Mayor Bloomberg's campaign, like many political campaigns, is using automated phone calls to remind voters to go to the polls this November 3 (because God knows they're not that interested). But most candidates, especially those on the local level, don't shell out somewhere around $100 million on their campaigns, and with that kind of money, Bloomberg has the ability to make his robocalls quite a bit more sophisticated. Which is why instead of hearing Hizzoner's nasal voice on the other end of your phone in the near future, you may hear someone who sounds exactly like you or, at least, someone who appeals to you in some very specific way.
Chinatown residents older than 45, for example, could get a call that is two-thirds Chinese and one-third English. Younger voters would hear more English with a bit of Chinese. Caribbean-American voters could get calls in English, but with a Caribbean lilt.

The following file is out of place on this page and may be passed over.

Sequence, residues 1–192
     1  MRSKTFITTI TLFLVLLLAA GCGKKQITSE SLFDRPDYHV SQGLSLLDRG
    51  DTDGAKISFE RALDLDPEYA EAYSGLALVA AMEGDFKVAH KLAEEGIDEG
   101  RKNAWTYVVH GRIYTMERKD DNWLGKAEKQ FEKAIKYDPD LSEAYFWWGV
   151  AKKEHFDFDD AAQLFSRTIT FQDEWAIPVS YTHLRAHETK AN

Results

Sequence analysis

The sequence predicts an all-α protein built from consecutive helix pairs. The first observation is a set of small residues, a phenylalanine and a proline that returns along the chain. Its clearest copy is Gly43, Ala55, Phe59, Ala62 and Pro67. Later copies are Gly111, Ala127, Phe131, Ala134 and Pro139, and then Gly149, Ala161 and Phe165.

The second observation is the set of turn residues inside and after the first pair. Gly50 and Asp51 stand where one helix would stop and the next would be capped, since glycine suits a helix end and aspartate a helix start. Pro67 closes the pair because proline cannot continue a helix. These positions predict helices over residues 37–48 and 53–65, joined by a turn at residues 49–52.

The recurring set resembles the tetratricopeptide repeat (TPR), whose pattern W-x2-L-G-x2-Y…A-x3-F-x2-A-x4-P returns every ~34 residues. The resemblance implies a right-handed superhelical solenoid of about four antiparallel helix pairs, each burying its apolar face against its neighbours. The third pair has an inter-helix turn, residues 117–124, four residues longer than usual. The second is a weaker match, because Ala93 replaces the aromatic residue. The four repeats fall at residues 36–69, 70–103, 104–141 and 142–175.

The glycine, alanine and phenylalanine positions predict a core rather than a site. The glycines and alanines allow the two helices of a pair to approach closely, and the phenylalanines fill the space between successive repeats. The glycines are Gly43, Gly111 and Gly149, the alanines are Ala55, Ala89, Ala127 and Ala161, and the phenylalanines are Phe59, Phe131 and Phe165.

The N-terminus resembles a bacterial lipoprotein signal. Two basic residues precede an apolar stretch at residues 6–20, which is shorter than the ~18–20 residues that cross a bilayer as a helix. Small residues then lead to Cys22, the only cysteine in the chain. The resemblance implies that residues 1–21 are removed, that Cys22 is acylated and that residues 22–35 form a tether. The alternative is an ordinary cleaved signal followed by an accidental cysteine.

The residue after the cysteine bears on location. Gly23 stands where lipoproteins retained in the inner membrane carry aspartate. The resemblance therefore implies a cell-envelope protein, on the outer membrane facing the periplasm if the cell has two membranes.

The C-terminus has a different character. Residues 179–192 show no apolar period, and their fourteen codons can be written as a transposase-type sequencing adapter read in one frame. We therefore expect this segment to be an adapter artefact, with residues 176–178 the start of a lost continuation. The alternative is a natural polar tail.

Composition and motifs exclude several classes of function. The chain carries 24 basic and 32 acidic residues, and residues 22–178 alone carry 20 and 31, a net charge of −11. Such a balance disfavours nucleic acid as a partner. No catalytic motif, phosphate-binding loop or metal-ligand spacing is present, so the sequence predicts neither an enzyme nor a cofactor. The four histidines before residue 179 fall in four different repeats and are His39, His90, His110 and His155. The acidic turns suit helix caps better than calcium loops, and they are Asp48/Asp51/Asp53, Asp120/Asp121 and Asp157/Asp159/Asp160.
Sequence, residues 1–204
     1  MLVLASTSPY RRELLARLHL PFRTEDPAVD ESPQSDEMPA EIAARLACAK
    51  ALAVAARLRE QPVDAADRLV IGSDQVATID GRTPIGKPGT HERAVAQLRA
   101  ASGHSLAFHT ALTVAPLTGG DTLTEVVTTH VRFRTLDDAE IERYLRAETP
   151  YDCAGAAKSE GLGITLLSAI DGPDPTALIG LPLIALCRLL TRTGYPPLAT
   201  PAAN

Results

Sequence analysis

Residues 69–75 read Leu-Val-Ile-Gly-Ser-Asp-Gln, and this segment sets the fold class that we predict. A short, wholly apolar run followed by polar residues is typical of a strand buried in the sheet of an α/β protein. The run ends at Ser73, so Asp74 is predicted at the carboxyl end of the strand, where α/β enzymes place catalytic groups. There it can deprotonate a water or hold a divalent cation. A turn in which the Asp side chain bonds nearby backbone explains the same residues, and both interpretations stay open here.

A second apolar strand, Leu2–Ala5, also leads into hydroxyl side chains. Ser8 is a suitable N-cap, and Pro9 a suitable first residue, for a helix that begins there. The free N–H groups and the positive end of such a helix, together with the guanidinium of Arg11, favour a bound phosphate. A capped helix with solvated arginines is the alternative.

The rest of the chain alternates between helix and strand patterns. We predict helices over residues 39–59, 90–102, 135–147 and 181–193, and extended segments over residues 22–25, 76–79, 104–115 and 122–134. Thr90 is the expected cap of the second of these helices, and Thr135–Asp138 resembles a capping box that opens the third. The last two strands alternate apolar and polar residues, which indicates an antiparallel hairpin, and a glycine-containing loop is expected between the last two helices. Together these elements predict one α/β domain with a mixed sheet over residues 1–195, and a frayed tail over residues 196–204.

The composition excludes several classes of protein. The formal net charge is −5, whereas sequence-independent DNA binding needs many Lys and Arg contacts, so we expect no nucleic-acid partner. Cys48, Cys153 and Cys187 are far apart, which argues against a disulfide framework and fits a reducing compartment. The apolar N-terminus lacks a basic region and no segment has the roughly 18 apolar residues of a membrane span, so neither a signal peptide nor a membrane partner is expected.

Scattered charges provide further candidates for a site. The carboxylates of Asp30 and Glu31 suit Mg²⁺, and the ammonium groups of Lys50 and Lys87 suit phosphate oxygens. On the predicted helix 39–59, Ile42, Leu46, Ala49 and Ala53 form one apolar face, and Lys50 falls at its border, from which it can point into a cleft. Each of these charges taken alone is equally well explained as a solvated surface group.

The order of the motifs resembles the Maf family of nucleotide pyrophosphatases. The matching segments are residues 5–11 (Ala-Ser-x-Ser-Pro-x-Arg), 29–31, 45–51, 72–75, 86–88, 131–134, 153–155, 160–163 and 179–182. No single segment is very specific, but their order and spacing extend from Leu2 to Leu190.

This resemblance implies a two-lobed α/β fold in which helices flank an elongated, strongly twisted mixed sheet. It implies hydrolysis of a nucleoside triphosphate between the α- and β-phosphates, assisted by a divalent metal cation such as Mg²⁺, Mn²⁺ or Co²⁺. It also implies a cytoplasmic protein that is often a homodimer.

Those who live in large apartment complexes might hear a recording of their building manager or a well-known resident. New Yorkers who live in liberal, politically active neighborhoods like Brooklyn's Park Slope could get a call from the leader of Planned Parenthood or another group that advocates for a Democratic issue.
Single straight men who live in walk-ups might get a call from that hot girl they always smile at when they pass in the stairwell. People with swine flu could hear someone who coughs occasionally during their recording. Yankee fans with a mother from Thailand and a father who served in the Army may hear the voice of Johnny Damon. People who pretend to hate The Hills but secretly watch every episode online, alone in their rooms, with headphones on, might hear from Heidi Montag. Stuff like that.
NYC mayor takes voter targeting to the extreme [AP via Forbes]